Here’s something fun I was playing around with today. I generated 100 random points and connected some of them with lines. Can you figure out how I chose which lines to draw?

How about these? (Same points, different lines.)

Or these?

Here are some more. The first three groups in the grid below correspond to the pictures already shown above.

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About Brent

Associate Professor of Computer Science at Hendrix College. Functional programmer, mathematician, teacher, pianist, follower of Jesus.

Draw a line to your closest neighbor, 2nd closest neighbor, et c.

Hmmm… For the first one, you calculated the nearest neighbor distance, sorted by ascending distance, connected them one at a time in that order until each point was connected to at least one other point.

For the next one, you calculated the 2nd nearest neighbor distance, sorted by ascending distance, etc.

Same for the nth group in the grid (L-to-R, T-to-B).

My guess is that in the first picture each dot is connected to the dot closest to it, the second picture is each connected to the second-closest, and so on.

Right! The only thing that’s not quite accurate is Devin’s comment “Same for the nth group in the grid (L-to-R, T-to-B).” Look more carefully… =)

This was fun for me since I actually had no very good idea of how it would look before I tried it. It’s interesting that with connecting nearest neighbors you end up with lots of small connected structures. I wonder — what is the expected number of points in one of those connected structures?

[squint] Perhaps the second row isn’t 5th-closest neighbor? Maybe the 11th closest? In which case the next rows are 21st and 31st? Great fun!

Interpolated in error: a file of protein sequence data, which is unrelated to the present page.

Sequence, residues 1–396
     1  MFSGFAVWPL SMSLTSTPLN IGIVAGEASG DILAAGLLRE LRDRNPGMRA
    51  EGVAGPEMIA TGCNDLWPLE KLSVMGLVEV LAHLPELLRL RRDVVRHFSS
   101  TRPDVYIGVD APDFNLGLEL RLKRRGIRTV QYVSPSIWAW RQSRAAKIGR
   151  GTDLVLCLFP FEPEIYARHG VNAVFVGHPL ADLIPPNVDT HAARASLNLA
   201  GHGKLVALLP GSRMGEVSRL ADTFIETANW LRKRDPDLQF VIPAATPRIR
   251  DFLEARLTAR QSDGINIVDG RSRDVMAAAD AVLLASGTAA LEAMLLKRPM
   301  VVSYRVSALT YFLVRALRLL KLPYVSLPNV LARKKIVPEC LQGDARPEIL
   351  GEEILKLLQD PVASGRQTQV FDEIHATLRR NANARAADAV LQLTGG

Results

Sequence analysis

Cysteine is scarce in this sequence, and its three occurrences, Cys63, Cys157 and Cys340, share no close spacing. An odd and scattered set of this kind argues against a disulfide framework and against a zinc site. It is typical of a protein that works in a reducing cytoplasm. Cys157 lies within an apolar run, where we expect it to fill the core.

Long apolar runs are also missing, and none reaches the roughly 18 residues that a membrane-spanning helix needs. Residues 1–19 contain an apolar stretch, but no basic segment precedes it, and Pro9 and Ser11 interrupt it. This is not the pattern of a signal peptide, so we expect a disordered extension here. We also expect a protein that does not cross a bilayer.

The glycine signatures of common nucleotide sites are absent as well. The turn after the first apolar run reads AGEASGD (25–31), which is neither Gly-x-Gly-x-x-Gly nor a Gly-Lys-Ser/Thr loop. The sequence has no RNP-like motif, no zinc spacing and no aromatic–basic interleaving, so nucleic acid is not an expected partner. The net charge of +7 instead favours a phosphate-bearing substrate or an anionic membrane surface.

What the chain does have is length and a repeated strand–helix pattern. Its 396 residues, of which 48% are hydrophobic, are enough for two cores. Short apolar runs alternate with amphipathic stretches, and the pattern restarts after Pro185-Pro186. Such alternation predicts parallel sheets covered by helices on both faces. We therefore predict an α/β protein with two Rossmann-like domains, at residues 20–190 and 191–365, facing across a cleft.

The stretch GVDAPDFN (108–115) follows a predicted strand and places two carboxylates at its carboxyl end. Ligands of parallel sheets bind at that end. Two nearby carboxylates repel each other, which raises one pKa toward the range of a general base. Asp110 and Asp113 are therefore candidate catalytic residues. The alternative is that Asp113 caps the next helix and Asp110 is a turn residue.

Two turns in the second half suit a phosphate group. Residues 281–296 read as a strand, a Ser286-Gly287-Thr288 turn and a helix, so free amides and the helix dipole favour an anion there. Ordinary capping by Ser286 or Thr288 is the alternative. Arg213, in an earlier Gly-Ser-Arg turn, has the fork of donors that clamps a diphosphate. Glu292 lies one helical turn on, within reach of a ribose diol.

Something like that. I don’t remember the exact numbers I used. Note, however, that the final one corresponds to the 100th closest (or maybe 95th, something close to that anyway)—all the edges go diagonally to the furthest corner.

In effects for movies, these connection tricks are used all the time. For instance in particle simulations points will move around based on some dynamics and then turned into a volume by connecting n-closest with segments. It’s sometimes easier to design the effect and visualize the end result than moving around volumes. plenty of examples here: http://www.imdb.com/video/imdb/vi3445005593/

not a great movie though.

Cool, didn’t know that!

I will admit that I had absolutely no idea about your reasoning for building the connections that you did, but after reading the comments above, I finally get it.

That’s a very interesting subject! I coded it and started to play with it: there are many phenomena worth studying. For example, the total number of lines seems to peak at the 55th neighbour with more than 99 lines. For comparison, it only reaches 69 in the first neighbour case. I guess this could be derived rigorously by computing the probability that two nodes are mutually their kth nearest-neighbour.

It would be worth computing the modularity of the graphs or other such measures…

However, when you reach the 99-100th nearest-neighbour, the 4 angles attract pretty much all the lines. A version avoiding this would consist in taking a uniform circle for the positions of dots.